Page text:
Many ways exist for them to create their own money, however. Options run from
group currencies such as LETS, through Swiss-style mutual credit systems for
businesses and commodity-backed currencies, as in Exeter, New Hampshire, to
money issued by local government, like that in Guernsey.

4 BANKING ON OURSELVES                                                                121

Locally owned financiai systems enable people's savings to be lent out in the
areas in which they live on terms that allow them to realize their social objec-
tives as well as their financial ones. Here again, communities have a wide range
of options open to them, including credit unions, building societies and invest-
ment trusts. lending along the lines of the Danish and Swedish
community JAK banks is another possibility.

5 ENERGY MAKES THE WORLD GO ROUND                                     179

The provision of an adequate supply of energy from local resources is funda.
mental to greater community self-reliance. Fortunately, most places can easily
develop a combination of wind, hydro and biomass sources to meet their
needs, as examples from Denmark, Austria and Ireland show. Saving energy is
as important as generating it, and here Holland and California provide good

6 LIFE FROM THE LAND                                                                         251

Modern industrial agriculture cannot be continued much longer because of the
damage it is doing to the soil and to its own genetic base. It also requires high
levels of energy-intensive jnputs from outside the local area. Organic and other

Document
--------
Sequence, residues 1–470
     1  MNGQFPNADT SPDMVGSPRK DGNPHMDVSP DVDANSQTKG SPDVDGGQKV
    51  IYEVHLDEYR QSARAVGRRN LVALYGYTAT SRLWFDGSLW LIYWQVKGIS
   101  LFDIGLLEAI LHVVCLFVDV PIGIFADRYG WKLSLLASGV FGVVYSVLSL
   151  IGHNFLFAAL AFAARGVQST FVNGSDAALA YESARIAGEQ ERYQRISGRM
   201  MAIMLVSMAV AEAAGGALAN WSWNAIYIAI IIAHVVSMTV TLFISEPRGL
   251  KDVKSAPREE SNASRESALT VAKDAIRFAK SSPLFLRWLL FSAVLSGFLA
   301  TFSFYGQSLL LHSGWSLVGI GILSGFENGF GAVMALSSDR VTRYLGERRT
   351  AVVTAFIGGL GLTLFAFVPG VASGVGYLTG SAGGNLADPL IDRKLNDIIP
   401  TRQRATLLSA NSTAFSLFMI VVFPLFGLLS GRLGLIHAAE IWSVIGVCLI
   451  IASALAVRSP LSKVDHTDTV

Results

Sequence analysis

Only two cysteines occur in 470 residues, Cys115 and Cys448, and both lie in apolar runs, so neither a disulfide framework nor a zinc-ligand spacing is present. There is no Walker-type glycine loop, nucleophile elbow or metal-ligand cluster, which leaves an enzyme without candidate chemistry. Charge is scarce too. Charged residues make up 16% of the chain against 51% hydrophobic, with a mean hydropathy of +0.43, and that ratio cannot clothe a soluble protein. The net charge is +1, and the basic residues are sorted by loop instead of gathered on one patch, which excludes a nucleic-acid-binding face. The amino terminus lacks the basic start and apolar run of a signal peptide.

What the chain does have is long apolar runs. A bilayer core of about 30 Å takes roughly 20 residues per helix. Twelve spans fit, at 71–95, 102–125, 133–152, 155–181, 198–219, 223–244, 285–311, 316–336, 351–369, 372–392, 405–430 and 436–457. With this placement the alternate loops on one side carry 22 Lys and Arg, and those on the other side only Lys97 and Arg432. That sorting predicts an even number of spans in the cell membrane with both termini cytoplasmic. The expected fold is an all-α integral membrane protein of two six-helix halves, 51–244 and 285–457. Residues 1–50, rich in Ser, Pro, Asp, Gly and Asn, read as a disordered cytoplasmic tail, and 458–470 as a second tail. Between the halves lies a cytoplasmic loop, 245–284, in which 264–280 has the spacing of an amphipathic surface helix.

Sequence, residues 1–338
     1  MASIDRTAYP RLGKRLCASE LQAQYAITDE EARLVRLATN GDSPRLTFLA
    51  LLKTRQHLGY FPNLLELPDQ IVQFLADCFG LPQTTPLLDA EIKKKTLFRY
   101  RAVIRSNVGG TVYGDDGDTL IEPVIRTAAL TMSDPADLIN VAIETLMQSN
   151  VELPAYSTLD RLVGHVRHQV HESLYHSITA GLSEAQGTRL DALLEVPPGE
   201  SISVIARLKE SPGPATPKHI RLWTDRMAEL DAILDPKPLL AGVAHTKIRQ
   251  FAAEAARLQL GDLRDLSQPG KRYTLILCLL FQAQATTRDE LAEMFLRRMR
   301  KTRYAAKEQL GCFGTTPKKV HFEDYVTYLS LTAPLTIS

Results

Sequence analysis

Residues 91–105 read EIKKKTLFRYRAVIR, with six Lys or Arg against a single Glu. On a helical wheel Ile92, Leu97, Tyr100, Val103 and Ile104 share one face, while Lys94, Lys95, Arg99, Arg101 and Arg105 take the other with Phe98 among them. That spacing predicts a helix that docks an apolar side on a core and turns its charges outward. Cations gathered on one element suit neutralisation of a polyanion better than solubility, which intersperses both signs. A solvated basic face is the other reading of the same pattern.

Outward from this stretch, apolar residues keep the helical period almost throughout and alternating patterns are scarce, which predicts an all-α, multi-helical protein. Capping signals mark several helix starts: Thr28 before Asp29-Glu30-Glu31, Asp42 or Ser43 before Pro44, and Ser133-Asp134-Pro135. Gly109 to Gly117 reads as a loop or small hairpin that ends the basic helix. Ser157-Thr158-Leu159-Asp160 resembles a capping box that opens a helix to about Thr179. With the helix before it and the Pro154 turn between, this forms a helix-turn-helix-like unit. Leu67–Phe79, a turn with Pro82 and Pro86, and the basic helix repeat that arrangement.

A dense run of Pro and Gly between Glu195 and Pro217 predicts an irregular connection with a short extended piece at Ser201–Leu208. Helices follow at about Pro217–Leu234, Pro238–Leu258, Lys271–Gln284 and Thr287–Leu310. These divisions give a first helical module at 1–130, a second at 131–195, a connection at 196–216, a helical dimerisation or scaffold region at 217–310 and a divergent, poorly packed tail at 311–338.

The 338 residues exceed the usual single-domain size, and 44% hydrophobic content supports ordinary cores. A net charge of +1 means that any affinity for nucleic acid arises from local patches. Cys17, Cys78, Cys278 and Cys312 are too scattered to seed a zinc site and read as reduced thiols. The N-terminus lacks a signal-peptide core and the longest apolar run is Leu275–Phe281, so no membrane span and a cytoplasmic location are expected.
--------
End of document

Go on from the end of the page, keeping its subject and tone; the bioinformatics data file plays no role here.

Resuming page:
low-external.input types of agriculture are therefore needed if communities are
to become more self-reliant, and several techniques already in use in Britain,
the US and Ireland demonstrate that the transition is possible.

7 NEW ATTITUDES FOR NEW TIMES                                                  332

The market economy relies on competition to control the way businesses
behave. As high levels of competition are not possible in a community economy,
new approaches and attitudes towards how we should interact commercially
need to be found. Medieval craft guilds, the Mondragon co-ops in Spain and the
Briarpatch network in California all provide hints about the right direction.

EPILOGUE: THE FUTURE, AND IT WORKS                                         365

Maleny, a small town in Australia, has probably adopted more of the techniques
discussed in this book than any other place in the world. The result is a com.
munity where people can extend and fulfil themselves by working with each
other. But it is by no means self.reliant, so there is still a long way to go.

ADDITIONAL SOURCES OF INFORMATION                                     372

ACKNOWLEDGMENTS                                                                         375

INDEX                                                                                                       377